I love to sleep. Daytime, nighttime, standing, sitting-you name it; I will pass out if I have the chance. Obviously, I am always a hardworking, ambitious student who does not go to sleep at night until my work is complete. Inevitably, this calls for some (way too many) late nights. Guilty of procrastination, I find way too many things to do besides get into bed and go to sleep. The screeching of my alarm clock in the morning makes my ears bleed (not actually), and my next thought as I unhappily wake up is when I can fit in that afternoon nap. The feeling of getting into bed after some exhausting and boring morning classes is the most satisfying moment ever. I tend to take very long naps; a few hours at the least. When I wake up groggy, and usually unaware of what day it is (do not act like this has not happened to you), I always want to just rest my head back down and fall back asleep. I thought napping was supposed to be rejuvenating, right? Is napping actually good for you after all?
Don’t be bummed! A recent study proves that naps can help improve learning. Alex Mecklinger from the Saarland Neuropsychology Unit conducted an experiment with 41 subjects. He had each of them memorize 90 words and 120 groups of words. Immediately after the memorization, the subjects had to recite as many of the words they could remember. Then, half of the subjects took a nap for 1 hour and 30 minutes, and the rest watched a DVD in the categorized time period. Once 90 minutes had passed, all of the subjects had to recite all of the words they could remember for the second time. The results were outstanding. The participants who took a nap performed increasingly (more than 5x) better than those who watched the DVD. Further, the participants who napped also performed just as exceptionally the second time around as the first.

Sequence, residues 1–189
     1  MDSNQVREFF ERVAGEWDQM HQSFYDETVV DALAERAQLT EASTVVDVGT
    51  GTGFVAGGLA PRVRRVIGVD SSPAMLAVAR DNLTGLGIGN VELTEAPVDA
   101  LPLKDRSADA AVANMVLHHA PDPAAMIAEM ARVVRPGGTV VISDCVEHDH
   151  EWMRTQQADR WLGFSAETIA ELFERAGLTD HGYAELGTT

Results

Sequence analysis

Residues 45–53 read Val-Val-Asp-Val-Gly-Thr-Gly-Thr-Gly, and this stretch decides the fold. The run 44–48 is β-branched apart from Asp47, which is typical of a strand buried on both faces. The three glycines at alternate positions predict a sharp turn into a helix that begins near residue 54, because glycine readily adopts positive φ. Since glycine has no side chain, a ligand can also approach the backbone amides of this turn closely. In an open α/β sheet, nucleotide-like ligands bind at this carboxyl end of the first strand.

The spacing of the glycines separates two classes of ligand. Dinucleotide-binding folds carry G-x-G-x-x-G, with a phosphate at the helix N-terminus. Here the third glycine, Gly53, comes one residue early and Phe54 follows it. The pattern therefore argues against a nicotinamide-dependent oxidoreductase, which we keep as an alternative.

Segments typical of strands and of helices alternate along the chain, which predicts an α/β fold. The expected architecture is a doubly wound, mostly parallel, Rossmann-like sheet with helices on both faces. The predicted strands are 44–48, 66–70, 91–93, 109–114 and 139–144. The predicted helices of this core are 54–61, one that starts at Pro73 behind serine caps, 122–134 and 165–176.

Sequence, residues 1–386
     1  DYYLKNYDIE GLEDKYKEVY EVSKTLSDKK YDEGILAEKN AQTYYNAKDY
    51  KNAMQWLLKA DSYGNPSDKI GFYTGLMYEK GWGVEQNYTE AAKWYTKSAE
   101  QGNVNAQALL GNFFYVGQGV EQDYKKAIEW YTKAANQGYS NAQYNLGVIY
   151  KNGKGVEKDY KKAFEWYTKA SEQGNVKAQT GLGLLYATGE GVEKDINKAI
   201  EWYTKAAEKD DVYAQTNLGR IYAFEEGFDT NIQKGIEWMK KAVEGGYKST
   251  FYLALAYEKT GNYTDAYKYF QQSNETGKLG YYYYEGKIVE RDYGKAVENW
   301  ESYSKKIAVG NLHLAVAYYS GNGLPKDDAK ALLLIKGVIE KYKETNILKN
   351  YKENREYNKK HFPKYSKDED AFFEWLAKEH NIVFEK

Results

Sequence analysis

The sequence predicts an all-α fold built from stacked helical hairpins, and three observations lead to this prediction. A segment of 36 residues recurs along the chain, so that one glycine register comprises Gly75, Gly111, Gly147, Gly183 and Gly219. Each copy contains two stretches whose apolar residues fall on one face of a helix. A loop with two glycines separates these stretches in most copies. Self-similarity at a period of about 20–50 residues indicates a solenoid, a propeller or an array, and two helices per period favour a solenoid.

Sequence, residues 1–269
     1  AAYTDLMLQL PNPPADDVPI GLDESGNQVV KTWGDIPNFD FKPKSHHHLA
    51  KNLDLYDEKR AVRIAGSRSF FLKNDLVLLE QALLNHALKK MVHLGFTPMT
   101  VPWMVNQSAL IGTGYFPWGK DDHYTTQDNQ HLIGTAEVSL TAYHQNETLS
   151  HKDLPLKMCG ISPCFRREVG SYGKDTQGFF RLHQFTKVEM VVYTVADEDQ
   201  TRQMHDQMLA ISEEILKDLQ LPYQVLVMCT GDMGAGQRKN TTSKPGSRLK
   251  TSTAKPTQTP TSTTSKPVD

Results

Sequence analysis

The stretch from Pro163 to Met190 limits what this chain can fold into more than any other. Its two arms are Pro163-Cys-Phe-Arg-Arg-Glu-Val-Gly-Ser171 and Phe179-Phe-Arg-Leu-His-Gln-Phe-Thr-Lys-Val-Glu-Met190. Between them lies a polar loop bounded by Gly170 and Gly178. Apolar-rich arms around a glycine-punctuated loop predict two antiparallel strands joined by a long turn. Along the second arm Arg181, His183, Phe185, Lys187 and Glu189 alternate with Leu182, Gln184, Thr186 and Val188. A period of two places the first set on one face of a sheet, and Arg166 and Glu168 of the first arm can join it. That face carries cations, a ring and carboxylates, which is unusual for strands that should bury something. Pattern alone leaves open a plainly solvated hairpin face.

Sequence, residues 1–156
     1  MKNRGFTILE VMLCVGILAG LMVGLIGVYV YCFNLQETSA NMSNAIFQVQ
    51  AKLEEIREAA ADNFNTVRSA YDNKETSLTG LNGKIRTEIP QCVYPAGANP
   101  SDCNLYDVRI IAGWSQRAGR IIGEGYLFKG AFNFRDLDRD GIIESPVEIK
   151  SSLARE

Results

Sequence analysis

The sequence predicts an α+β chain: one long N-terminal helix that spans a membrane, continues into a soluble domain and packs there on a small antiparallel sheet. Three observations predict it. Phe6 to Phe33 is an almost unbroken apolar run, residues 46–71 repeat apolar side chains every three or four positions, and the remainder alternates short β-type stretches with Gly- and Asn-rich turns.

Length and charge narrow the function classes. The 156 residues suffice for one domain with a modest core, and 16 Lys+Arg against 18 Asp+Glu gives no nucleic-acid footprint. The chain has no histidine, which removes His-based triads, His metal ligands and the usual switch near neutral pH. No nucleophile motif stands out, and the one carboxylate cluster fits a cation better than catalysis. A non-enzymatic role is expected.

The results of this experiment are consistent with the hypothesis that naps are indeed good for you. However, as with most things in life, you should take that with a grain of salt. Many rules and restrictions apply when attempting to take a beneficial nap. Naps can be beneficial to overall personal health and learning if they are under an hour; a thirty minute nap is ideal. Planning a time to nap and wake up can help your body prepare for it. A pre-determined nap time each day will lessen the time it takes to fall asleep at night. Feel free to view this video on how to take a productive nap.
Of course, excessive napping can be a sign of something much more than pulling an all-nighter. Exhaustion and the urge to sleep is on the symptom list of several different medical concerns. The conclusion that napping is neither harmful nor hurtful is in coercion with the hypothesis that naps are beneficial. In the experiment at hand, a quick nap is one of the most significant ways to rejuvenate your body.
Most college students would love nothing more than to lay in bed and sleep all day. Classes are rigorous. Schoolwork is time consuming. Extra curricular activities are fun yet depleting. Benefit yourself. Become a better learner. Take a nap.